DRINK in these, the first official images of what could be the next Holden Monaro. The 2017 Buick Avista concept is a two-plus-two rear-drive coupe officially revealed ahead of this week’s 2016 Detroit Motor Show.
With bold, muscular exterior design that uses the design language of the Buick Avenir concept (pictured below) shaped in Australia by Holden’s design team as General Motor’s show star at last year’s Detroit show, the Avista is fronted by Buick’s new winged tri-shield insignia on a ‘three-dimensional’ mesh grille. It sits on a 2811mm wheelbase, which is longer than that of the last VZ Holden Monaro (which was 2788mm) and has a 1601mm/1598mm front/rear tracks clad with 21-inch alloys.
Inside, there are elements that are shared with the Buick Lacrosse such as the front console’s open side storage compartments. The Lacrosse was unveiled at the 2015 Los Angeles motor show, and uses the platform that’s expected to underpin the 2018 Holden Commodore, the first fully-imported car to bear the highly emotive name.
In fact, all signs point to the Avista as Holden’s next hero, after General Motors’ executive vice-president, Stefan Jacoby, ruled out V8 power for a low-priced performance Holden once production of the current VF Series II Commodore ends in 2017.
At the Frankfurt motor show in October last year, Jacoby told Australian media, including Wheels, that such a car – and potential rival to the new Ford Mustang – would not be part of the Holden product mix.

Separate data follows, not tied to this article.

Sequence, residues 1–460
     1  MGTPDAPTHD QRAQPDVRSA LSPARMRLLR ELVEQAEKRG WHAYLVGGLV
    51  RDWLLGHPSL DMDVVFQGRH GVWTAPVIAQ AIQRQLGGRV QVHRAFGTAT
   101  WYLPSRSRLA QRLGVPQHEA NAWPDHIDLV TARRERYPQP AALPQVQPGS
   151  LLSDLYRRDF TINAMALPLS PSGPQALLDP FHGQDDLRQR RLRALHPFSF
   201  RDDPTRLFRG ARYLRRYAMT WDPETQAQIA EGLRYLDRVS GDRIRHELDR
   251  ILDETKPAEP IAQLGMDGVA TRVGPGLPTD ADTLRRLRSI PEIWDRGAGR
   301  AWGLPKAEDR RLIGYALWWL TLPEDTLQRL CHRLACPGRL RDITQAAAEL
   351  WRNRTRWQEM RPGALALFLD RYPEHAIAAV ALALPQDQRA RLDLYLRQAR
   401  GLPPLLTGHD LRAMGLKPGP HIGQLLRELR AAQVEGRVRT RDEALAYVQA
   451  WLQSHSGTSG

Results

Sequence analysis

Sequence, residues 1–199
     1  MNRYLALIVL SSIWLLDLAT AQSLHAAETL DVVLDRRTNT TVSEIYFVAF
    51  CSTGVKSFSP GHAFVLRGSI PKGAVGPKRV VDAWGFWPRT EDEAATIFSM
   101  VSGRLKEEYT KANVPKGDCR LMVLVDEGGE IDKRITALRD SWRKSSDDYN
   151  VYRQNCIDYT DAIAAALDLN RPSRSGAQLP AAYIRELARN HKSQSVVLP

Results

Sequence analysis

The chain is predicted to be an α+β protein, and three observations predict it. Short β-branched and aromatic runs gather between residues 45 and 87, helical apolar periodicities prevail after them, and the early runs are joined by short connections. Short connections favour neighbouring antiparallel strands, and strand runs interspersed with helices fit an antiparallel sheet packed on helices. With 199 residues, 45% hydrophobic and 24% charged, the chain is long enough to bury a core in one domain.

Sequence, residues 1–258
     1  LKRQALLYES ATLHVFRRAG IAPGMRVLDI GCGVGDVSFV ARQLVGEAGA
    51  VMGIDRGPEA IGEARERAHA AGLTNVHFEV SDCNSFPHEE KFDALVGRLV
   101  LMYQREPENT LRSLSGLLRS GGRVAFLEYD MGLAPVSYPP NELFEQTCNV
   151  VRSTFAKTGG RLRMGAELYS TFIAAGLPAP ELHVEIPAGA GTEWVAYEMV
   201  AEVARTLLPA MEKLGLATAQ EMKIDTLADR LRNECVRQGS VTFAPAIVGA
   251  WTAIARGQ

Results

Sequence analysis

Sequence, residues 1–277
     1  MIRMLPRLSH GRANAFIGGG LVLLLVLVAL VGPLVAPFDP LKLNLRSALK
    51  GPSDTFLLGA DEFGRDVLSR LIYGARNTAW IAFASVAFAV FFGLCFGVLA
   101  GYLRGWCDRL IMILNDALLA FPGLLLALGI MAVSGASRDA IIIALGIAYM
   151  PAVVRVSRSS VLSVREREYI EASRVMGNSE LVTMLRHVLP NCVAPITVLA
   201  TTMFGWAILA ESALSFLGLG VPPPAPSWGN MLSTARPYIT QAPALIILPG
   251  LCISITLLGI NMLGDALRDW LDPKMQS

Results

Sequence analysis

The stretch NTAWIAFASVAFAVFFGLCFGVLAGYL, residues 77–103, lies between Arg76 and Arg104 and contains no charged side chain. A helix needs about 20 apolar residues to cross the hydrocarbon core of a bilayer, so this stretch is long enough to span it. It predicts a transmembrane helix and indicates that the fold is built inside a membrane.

The 298kW twin-turbo 3.0-litre V6 under the bonnet of the Avista – 6kW shy of the current Holden Commodore SS – could be exactly what Jacoby was talking about when he added that Australian customers seeking an affordable performance car “will get exactly what they want, based on a different technology”.
This driveline will also be offered in the LaCrosse, which as the platform for the next Opel Insignia and thus Holden Commodore, means that it may well be offered here.
It’s mated to an eight-speed ZF automatic, and includes cylinder de-activation (Active Fuel Management in GM-speak) as well as idle-stop technology.
The Avista also boasts Magnetic Ride Control, which is currently offed on the VF-Commodore-based Chevrolet SS in North America, but hasn’t trickled down from the hero HSV GTS in Australia, which is the only local model to feature it.
According to Holden, GM Australia had no role to play in the development of the car. A spokesman told Wheels that while the concept car was "stunning", because it was not yet confirmed for production the Australian arm of GM could not comment any further on how it would fit into the carmaker's vision once local manufacfturing ends late next year.
The Buick Avista will be on display at the 2016 Detroit motor show, which starts tomorrow.